New Discovery on How the Brain Filters Visual Information

The Salk Institute’s new findings break from decades of neuroscience.

Posted Jan 24, 2019

Source: geralt/pixabay

The human brain has an amazing way of filtering sensory input. For example, when you look at Mount Rushmore National Memorial from far away, you see the faces of George Washington, Thomas Jefferson, Theodore Roosevelt and Abraham Lincoln. As you approach it, you begin to notice the individual grains in the granite, as the presidential faces dim in the backdrop. How does the brain achieve this? In a recent study led by The Salk Institute published in Neuron on December 31, 2018, researchers made a surprising discovery that counters the commonly-held view among neuroscientists on how the brain’s neurons filters what it sees.

The research team of Ambarish S. Pawar, Sergei Gepshtein, and Thomas D. Albright of La Jolla, California-based Salk Institute, together with Sergey Savel’ev of Loughborough University in the UK, discovered that “the previously common description of individual neurons as filters was incorrect.”

For the past few decades, scientists believed that neurons perceived either fine or rough details, and that every neuron performs its own filtering. Instead, the scientists uncovered that the “preference of neurons may shift due to a change in the balance of positive (excitatory) signals and negative (inhibitory) signals by which neurons communicate in the network.” In other words, neuronal selectivity by cortical neurons is flexible and dynamic, rather than stable.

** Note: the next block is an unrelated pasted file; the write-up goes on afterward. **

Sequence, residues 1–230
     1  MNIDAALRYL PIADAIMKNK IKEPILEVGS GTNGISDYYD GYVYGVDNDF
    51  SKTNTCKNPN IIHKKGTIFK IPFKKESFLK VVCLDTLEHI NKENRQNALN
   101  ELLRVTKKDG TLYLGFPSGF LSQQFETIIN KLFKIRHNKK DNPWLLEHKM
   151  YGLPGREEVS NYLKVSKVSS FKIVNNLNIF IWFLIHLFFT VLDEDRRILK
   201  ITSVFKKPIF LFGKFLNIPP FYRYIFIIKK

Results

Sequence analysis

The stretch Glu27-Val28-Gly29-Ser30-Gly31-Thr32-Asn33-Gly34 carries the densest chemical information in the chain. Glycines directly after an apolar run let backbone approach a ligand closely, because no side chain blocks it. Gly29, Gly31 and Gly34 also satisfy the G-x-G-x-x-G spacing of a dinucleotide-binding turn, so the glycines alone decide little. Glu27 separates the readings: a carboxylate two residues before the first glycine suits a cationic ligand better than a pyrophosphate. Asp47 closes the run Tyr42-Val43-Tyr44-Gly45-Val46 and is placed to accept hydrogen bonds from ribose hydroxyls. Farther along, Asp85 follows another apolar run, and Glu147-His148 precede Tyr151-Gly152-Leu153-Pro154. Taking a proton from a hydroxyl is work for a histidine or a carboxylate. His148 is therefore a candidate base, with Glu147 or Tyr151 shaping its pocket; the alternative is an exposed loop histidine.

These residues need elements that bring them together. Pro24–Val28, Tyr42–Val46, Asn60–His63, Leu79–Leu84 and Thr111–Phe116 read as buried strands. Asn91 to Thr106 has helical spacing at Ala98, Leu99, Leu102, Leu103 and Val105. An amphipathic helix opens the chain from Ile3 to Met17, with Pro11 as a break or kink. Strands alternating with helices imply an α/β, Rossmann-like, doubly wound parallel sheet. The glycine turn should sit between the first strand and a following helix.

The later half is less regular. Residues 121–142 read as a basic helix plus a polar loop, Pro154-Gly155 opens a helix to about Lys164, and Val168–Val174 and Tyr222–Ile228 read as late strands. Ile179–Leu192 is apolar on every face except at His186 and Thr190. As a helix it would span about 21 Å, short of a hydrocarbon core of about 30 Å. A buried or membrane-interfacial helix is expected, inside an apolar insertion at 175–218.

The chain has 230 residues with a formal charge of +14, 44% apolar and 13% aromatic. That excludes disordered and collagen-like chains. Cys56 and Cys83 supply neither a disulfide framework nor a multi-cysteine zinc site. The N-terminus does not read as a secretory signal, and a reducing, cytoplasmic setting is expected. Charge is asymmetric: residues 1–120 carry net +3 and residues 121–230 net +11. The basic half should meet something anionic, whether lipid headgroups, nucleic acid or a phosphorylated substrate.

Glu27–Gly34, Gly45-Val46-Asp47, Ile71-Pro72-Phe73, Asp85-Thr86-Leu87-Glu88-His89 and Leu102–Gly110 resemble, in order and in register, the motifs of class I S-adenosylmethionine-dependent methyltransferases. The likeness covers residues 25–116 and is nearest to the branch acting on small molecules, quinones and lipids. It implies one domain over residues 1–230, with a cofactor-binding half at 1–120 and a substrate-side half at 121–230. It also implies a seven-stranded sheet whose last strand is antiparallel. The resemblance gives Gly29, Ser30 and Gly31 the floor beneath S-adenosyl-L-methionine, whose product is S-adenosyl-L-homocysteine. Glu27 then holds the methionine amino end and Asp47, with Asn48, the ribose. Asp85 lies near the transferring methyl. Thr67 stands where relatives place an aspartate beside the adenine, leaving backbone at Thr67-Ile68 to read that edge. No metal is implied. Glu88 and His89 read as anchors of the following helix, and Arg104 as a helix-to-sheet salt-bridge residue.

The team measured the spatial frequency selectivity of neurons located in the visual cortex of alert monkeys by showing optical patterns with varying contrast between dark and light regions. They discovered that depending on pattern contrast, individual neurons could filter details regardless of whether it was fine or rough.

Based on the discovery, the team concluded that scientists need to “rethink what the computing units of the brain are” and that “this same flexible quality of neural networks is likely to hold true for other parts of the brain.” In the future, the researchers plan to study how changes in adaptable neuronal networks affect behavior to achieve a better understanding of the neural mechanisms of the brain.

Copyright © 2019 Cami Rosso All rights reserved.


Salk Institute. (2019, January 1). Thriving on teamwork: New research shows how brain cells filter information in groups. ScienceDaily. Retrieved January 24, 2019 from